's detects whether a user downloads images. If not, they're presumed to be a bot & get attacked with a puzzle. And yet it's all the *images* that strain the network in the 1st place, not the text.

in this sense, a is actually harmful to the environment, not just bots.

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@tobtobxx Your premise in your question assumes there's a problem to solve. Can you describe the problem?

@resist1984 How would you defend against let's say spam bots creating a lot of new resource intensive git repos on a public git server? (The users are created by humans, just the repos are created by bots.)

@tobtobxx in principle there's no need for a web UI for github. repos can be serviced via SSH and to date there's been no need to CAPTCHA SSH users. Github chooses to make some functions exclusively available in their web UI (e.g. PRs), but that's their choice. And it's that choice by which their perceived need for CAPTCHA arises.

@tobtobxx vandalism still happens, ssh or not, but this can be controlled by way of access controls. Not to mention cleanup tools. E.g. if your inbox gets spammed the email firewalls isn't your only defense. There is SpamAssassin, and the possibility to extend Spamassassin's role beyond email.

@resist1984 I was thinking about @codeberg's situation. is a small nonprofit offering services similar to GitHub but with a foss backend (gitea fork).
They were recently impacted by an attack described in my previous post.

They ended up blocking access via tor, which they are not happy to do, but rather forced.

I guess we live in a cruel world. Those trying to do things right get attacked and ripped🤷🏼‍♂️.

@tobtobxx @resist1984 This has been discussed but thankfully we could avoid to enforce this option.

To be precise we never did and do not generally block tor or users from the tor network. We just do not allow account setup with single-use/throwaway email provider addresses anymore that have frequently been used by attackers. Also, IPs engaging in attacks are banned for some hours.

Codeberg is still accessible via tor.

@codeberg @tobtobxx I'm glad Tor was not permanently blocked -- that would have been an overly crude attempt at a remedy. Restricting access to the kinds of email accounts that require mobile ph# reg. is also overly crude, and I hope that would be temporary until the server gets smarter about detecting & reacting to attack. Perhaps access controls need to be more refined.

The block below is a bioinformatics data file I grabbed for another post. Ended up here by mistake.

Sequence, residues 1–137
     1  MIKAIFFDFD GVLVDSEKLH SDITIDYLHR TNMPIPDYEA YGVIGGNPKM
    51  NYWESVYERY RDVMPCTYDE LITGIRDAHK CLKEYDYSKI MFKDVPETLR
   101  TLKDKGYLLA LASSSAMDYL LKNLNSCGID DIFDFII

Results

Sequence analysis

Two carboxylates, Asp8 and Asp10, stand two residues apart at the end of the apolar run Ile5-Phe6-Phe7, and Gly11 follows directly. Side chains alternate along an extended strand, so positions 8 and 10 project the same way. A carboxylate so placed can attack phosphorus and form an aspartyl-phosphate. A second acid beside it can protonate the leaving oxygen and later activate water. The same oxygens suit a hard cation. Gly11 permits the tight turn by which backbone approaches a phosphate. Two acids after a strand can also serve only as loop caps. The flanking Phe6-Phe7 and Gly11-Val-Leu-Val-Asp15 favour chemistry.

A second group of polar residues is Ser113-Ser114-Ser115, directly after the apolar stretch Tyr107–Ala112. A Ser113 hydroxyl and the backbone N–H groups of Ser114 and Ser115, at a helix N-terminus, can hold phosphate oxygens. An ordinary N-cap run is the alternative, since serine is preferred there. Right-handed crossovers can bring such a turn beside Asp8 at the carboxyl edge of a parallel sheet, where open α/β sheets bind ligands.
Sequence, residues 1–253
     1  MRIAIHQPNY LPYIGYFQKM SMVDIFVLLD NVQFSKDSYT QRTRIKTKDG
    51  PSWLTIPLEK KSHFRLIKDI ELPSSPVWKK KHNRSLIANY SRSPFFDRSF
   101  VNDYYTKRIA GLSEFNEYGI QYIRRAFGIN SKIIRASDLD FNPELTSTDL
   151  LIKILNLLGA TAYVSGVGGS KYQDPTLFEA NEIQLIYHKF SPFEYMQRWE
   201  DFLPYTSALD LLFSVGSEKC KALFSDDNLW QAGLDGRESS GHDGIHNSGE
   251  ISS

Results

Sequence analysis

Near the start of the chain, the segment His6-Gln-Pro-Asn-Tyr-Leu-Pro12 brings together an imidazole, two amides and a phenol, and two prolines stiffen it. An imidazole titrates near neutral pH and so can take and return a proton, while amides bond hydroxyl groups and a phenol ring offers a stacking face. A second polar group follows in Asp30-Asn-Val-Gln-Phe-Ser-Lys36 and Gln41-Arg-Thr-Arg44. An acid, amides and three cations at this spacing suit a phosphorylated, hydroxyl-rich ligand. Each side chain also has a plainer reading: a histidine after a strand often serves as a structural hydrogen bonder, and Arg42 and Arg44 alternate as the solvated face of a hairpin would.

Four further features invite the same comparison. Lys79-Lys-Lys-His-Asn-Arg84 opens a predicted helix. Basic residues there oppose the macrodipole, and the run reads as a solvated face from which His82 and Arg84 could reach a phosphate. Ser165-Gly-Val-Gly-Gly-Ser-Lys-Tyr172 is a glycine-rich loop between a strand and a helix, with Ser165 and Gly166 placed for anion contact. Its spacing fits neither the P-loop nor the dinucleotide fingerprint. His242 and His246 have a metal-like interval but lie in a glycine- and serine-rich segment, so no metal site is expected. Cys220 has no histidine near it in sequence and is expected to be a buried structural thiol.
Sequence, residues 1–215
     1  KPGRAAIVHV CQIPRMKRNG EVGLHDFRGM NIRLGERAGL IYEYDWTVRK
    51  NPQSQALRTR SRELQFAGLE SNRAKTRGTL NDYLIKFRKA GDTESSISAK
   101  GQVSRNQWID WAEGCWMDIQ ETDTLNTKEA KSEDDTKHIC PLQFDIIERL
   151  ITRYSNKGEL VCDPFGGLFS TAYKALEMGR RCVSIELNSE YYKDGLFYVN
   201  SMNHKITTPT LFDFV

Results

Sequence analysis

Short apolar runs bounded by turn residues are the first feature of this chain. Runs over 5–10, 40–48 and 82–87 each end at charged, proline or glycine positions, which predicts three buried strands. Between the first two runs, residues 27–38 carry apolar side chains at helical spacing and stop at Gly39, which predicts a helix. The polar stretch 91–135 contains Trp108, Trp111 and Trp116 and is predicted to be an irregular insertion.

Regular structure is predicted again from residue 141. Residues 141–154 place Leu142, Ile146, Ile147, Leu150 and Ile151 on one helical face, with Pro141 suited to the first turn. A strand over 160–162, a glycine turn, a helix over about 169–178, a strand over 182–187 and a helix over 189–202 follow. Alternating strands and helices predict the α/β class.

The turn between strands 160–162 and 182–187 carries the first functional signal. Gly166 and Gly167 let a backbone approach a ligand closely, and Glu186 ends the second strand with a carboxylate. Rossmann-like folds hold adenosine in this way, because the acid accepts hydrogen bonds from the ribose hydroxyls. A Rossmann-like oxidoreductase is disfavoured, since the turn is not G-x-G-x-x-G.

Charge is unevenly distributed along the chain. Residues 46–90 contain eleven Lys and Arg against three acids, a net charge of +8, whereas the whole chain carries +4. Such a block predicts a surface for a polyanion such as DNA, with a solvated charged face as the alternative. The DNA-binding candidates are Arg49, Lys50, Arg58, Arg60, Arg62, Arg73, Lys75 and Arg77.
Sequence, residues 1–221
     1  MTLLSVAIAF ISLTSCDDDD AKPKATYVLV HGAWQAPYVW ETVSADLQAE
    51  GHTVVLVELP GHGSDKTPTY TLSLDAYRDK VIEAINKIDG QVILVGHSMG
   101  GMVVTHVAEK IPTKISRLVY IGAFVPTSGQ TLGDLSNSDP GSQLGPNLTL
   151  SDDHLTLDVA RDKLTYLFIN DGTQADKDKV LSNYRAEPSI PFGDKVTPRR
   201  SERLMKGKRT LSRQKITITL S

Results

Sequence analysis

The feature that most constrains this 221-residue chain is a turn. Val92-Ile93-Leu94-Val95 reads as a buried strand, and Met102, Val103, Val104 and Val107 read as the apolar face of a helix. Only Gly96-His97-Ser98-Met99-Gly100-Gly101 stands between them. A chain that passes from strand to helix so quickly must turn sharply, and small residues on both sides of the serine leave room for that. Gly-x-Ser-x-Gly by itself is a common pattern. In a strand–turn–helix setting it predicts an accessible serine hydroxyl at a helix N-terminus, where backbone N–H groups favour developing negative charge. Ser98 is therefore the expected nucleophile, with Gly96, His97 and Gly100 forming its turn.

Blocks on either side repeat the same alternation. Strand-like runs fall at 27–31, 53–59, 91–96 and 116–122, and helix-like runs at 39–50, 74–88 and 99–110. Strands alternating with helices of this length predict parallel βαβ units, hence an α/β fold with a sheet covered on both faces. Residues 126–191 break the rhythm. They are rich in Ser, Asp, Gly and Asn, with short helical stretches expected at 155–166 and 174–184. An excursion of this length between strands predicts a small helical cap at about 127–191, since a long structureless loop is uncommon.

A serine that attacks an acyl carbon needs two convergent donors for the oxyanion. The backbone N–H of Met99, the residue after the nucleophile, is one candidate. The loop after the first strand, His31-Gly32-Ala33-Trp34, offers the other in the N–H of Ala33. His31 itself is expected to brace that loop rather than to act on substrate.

@codeberg @tobtobxx in any case, the most disasterous example is shown by .com, which has been ruined by 's . I can't even post bug reports & find it entirely unusable.

Is there a tool to automatically solve these CAPTCHAs ? This would help a lot.
@codeberg @tobtobxx

@wend @tobtobxx @codeberg there are tools to solve CAPTCHAs, and i think there's even a project to solve Google's, but i wouldn't use it as it still supports the mechanism and perpetuates harm to those who don't have such tools.

@codeberg @tobtobxx @wend some bots outsource the solving to India, where the sweat shop workers get ~$5/day. I wouldn't support that either.

#CAPTCHA is definitely annoying. I have seen this with #ZOOM as well. I think its because they've a lot of WINDOWS users.
@codeberg @tobtobxx

Is it possible at all to solve a captcha an not been treated as a robot ?

@wend I don't follow. If you're presented with a CAPTCHA, then you've already been treated as a robot whether to solve it or not. From there, I personally suggest /not/ solving CAPTCHAs b/c that supports the CAPTCHA pushers. When you dance for them you give them power.

Also, so I understand, Google's CAPTCHA also tries to detect if you've signed into, or have, a Google account & connect the two - tracking!

@Horizon_Innovations indeed it does.. it collects any google cookies that are still active.

@resist1984 I refuse to be a free 'mechanical turk' for google's image classifier training.

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